The media are doing their best to create interest in who will be Bernanke’s replacement: Lawrence Summers or Janet Yellen.
Summers is a dove. Yellen is a dove. Summers has made a few statements saying that QE has limits. But no one expects the policy to go on forever. Yellen has voted with Bernanke every time.
The media say that Wall Street prefers Yellen. Obama prefers Summers. But Obama has not said.
The Summers vs. Yellen stories keep the readers reading. But as to how the Federal Reserve will stop the policy without crashing the stock market and the bond market at the same time, no one is saying.
As to how the FED will adhere to such a policy once the two markets tank, no one is saying.
As to how the exit policy — sales of Treasury bonds and Fannie/Freddie bonds — can be accomplished without causing another massive recession, no one is saying.
When was the last time Bernanke affirmed the existence of such an exit strategy? I can find no reference for two years. Here is what he told Congress on July 17.
We are using asset purchases and the resulting expansion of the Federal Reserve’s balance sheet primarily to increase the near-term momentum of the economy, with the specific goal of achieving a substantial improvement in the outlook for the labor market in a context of price stability. We have made some progress toward this goal, and, with inflation subdued, we intend to continue our purchases until a substantial improvement in the labor market outlook has been realized. In addition, even after purchases end, the Federal Reserve will be holding its stock of Treasury and agency securities off the market and reinvesting the proceeds from maturing securities, which will continue to put downward pressure on longer-term interest rates, support mortgage markets, and help to make broader financial conditions more accommodative.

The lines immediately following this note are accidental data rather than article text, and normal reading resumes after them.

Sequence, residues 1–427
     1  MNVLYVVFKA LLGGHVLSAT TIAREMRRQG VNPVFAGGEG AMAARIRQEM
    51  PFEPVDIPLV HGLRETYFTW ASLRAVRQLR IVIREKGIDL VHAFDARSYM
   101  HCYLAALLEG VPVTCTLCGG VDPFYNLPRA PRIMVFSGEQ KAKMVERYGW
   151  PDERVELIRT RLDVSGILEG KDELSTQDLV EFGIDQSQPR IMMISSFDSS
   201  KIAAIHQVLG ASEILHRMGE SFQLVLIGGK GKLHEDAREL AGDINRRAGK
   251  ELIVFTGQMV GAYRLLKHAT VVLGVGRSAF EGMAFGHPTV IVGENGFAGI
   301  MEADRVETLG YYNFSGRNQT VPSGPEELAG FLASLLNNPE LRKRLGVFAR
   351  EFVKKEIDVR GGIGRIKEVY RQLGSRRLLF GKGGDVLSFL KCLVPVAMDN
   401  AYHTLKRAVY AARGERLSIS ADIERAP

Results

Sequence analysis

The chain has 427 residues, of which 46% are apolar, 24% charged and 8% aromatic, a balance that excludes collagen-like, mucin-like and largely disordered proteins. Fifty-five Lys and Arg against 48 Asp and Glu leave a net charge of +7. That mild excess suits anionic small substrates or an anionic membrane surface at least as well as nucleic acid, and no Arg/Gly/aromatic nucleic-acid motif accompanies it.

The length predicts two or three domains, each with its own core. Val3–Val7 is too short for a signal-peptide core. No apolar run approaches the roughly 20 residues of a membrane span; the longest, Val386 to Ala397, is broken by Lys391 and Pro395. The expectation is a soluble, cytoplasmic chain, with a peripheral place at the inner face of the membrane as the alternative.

In short: no exit. Ever.
The media have re-defined “exit.” Any reference to an exit these days means merely a reduction of the rate of increase in the present rate of $85 billion a month.
The FED is buying over $500 billion of the Treasury’s estimated annual deficit of $650 billion. It is buying almost $500 billion in Fannie-Freddie bonds. What happens to interest rates if the FED stops buying? What happens to Wall Street? What happens to the housing recovery?
No one asks Yellen what she thinks would happen. No one asks Summers. It would be nice to know what they think. Buy knowing what they think is of no interest to the financial media.
It will be interesting to see what Senate members ask the nominee. It seems like a reasonable question.